Systems Using the Averaging Filter and Distortion Rectifying Project Summary: Factors affecting measurement accuracy of Position Sensitive Detector (PSD) systems consist of inaccuracies caused by interface circuits, system connection, outside environment change, and the semi-conductive properties of the sensor. The presence of these factors causes noises and distortions that are interpreted as a valid signal by the PSD system. As a result, these inaccuracies heavily degrade the PSD performance and hamper the measurement resolution and accuracy of the PSD systems, which greatly limit its applications in micro/nano positioning. This research project aims at enhancing measurement accuracy of PSD sensing systems, as shown in Fig. 13. After implementation of the developed algorithms and approaches including the averaging filtering, the coordinates mismatch correction, and the distortion rectifying, the measurement accuracy in a large active area of the PSDs is significantly improved. The research outcome is being extended to numerous applications, e.g., a new scanning PSD microscopy system.
Fig. 13: Illustration of laser-PSD system with interfaces Project Results:
Fig. 14: Noise sources and noise reduction through the developed filtering method
Fig. 15: Results of distortion rectifying
PSD mapping with three circles (blue: reference)
PSD mapping with Archimedean spiral (blue: reference)
Fig. 16: PSD Mapping Results after the enhancement. Both mapping errors in x and y within the range of 1 mm are less than 3%. 6. Networked Brain-Driven Micro-Biomanipulation with High-Resolution Mind
Traces Tracking and Multi-Sensing Feedback Project Summary: This research project aims at developing an integrated brain-driven micro-biomanipulation platform that can perform mind-controlled bio-medical operation tasks at micro/nano scale via high-speed network, as shown in Fig. 17. The developed platform can be effectively used to investigate manipulation behavior and neuro-biofeedback mechanism of human brain, so as to facilitate developing high-efficiency micro-bio-manipulation strategy of engineering approaches in micro/nano level. The research work will further impact related life-science research such as genetics, drug discovery, and neuroscience through integrating human thinking and decision-making faculties with life-science instruments.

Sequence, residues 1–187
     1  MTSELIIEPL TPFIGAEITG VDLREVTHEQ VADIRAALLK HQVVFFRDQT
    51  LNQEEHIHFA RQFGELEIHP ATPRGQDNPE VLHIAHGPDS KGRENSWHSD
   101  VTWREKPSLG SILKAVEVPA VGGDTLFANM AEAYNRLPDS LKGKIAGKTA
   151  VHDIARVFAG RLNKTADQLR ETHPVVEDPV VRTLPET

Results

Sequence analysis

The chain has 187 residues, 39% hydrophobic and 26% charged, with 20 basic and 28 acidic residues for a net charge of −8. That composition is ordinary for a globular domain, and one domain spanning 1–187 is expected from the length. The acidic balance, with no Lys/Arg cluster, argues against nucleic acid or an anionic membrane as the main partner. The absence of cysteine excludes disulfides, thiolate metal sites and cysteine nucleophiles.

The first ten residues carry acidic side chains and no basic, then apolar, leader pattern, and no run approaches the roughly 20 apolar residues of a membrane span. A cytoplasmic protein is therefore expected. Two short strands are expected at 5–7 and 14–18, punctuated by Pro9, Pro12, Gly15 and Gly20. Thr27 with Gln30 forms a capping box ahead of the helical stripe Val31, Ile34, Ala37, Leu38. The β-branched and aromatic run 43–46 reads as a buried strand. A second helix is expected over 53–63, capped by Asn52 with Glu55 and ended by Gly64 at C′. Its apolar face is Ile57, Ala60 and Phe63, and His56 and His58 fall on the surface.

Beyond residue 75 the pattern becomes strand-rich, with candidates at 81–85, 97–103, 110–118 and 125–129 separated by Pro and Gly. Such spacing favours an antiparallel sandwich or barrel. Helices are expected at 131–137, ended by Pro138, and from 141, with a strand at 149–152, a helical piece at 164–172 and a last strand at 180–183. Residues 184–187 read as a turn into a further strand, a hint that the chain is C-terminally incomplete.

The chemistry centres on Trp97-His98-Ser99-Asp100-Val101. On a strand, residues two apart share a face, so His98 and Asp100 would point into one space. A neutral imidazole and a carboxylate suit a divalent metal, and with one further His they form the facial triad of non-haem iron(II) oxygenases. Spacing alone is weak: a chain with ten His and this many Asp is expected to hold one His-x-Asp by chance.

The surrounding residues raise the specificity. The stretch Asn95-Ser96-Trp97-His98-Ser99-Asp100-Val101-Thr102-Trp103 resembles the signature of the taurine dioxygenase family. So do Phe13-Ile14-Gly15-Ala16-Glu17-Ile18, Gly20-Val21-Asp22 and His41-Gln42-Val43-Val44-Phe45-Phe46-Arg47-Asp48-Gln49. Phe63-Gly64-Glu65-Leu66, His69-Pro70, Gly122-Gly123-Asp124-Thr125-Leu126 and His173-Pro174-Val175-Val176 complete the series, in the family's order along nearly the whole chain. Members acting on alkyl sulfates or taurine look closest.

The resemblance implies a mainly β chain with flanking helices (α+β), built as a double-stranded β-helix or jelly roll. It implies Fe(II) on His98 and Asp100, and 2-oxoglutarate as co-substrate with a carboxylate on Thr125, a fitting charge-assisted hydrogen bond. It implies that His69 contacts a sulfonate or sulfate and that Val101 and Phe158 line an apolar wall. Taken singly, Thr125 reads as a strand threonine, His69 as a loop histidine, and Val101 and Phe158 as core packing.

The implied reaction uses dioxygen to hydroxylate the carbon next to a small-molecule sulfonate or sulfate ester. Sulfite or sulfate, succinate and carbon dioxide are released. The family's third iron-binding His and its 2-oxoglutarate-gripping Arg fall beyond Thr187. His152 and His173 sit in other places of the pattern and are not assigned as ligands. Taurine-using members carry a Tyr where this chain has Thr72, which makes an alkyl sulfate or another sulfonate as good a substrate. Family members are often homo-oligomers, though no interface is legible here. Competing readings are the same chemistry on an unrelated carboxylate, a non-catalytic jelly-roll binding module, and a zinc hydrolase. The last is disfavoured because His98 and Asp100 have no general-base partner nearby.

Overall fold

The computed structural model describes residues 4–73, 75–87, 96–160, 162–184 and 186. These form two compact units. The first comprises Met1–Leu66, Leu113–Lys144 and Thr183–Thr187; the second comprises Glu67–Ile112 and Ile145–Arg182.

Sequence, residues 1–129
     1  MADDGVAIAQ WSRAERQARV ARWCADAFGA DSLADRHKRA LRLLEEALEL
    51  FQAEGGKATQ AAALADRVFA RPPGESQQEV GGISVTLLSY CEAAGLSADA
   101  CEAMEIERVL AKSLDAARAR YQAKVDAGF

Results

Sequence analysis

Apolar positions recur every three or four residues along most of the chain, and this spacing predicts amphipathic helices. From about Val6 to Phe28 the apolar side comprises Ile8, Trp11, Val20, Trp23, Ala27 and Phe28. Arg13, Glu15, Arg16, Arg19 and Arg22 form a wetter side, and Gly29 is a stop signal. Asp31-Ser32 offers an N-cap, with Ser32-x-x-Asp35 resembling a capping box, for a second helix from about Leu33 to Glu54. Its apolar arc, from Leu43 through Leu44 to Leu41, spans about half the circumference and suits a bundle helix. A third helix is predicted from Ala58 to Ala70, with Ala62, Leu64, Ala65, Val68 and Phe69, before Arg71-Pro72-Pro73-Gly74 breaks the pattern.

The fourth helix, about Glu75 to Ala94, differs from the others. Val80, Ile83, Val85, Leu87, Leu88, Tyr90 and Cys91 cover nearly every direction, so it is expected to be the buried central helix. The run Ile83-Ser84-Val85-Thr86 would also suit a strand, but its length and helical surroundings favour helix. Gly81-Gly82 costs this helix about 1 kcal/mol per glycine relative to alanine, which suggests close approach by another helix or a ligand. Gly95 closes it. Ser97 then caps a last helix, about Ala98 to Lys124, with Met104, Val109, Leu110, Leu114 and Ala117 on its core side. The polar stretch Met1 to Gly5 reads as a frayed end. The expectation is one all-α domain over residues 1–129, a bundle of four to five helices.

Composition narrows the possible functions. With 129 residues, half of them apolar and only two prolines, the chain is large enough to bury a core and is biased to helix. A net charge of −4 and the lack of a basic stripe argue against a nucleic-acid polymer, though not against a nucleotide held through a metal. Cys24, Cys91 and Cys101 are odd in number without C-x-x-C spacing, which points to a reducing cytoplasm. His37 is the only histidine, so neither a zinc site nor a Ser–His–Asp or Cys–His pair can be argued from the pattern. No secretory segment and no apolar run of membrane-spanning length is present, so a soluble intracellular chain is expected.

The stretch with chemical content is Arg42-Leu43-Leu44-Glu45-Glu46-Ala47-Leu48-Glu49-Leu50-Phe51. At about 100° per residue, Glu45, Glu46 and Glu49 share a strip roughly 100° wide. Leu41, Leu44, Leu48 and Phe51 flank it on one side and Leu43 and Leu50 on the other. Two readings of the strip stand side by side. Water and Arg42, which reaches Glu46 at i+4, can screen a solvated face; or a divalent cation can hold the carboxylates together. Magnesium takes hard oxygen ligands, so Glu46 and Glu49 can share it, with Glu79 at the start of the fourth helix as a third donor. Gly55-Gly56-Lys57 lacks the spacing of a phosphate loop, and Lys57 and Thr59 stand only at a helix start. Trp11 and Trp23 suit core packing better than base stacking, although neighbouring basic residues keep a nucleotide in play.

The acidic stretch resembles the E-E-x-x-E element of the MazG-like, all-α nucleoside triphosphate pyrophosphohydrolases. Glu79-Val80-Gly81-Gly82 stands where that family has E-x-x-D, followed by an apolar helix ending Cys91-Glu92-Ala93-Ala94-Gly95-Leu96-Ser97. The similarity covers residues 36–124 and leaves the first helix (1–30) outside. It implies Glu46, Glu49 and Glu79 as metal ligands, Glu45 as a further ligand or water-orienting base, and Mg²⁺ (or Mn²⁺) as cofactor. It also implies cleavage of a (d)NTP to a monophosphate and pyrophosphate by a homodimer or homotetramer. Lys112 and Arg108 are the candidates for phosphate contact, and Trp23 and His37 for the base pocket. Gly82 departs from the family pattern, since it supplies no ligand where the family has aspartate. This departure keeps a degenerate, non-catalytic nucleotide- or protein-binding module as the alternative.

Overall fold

17: Overview of mind-controlled micro-biomanipulation platform ProjectFig. Results:
Fig. 18: Results of 2-D position control (left) and path tracking (right) by human mind.
Fig. 19: Results of a full 2-D mind motion Tracking based on two gyro sensing feedback.
Fig. 20: An experimental example demonstrating mind-controlled micro-biomanipulation on a bio-sample.
7. Quantitative Mechanical Evaluation and Analysis of Drosophila Embryos
through the Stages of Embryogenesis Using a Sensorized Human/Robot Cooperative Interface Project Summary: To better understand the biomechanical properties involved in Drosophila embryo research, this work presents a mechanical characterization of living Drosophila embryos through the stages of embryogenesis. Measurement of the mechanical properties of Drosophila embryos is implemented using a networked human/robot cooperative interface featuring a novel, in situ, and minimally invasive piezoelectric force-sensing tool with resolution in the range of μN. Penetration force profiles of the embryos at various stages of embryogenesis are reported. The Young’s modulus, stiffness, and the mechanical impedance of the developing Drosophila embryos are quantitatively evaluated and presented alongside experimentally derived mathematical models. Fig. 21 demonstrates the sequence of images showing the embryonic penetration using the sensor tip during the mechanical evaluation.
Fig. 21: A sequence of images showing the embryonic penetration using the sensor tip during the mechanical characterization. Project Results:
Fig. 22: Force profiles of the microinjection process at distinctive stages of embryogenesis. (a) Stage 6 (Gastrulation), (b) Stage 12 (Germ band retraction), (c) Stage 14~15 (Head involution and dorsal closure).
Fig. 23: The Applied Hertz-Sneddon contact model.
Fig. 24: Histogram of extracted Young’s Moduli (a), stiffness (b), and mechanical impedance (c) at progressing stages of embryogenesis.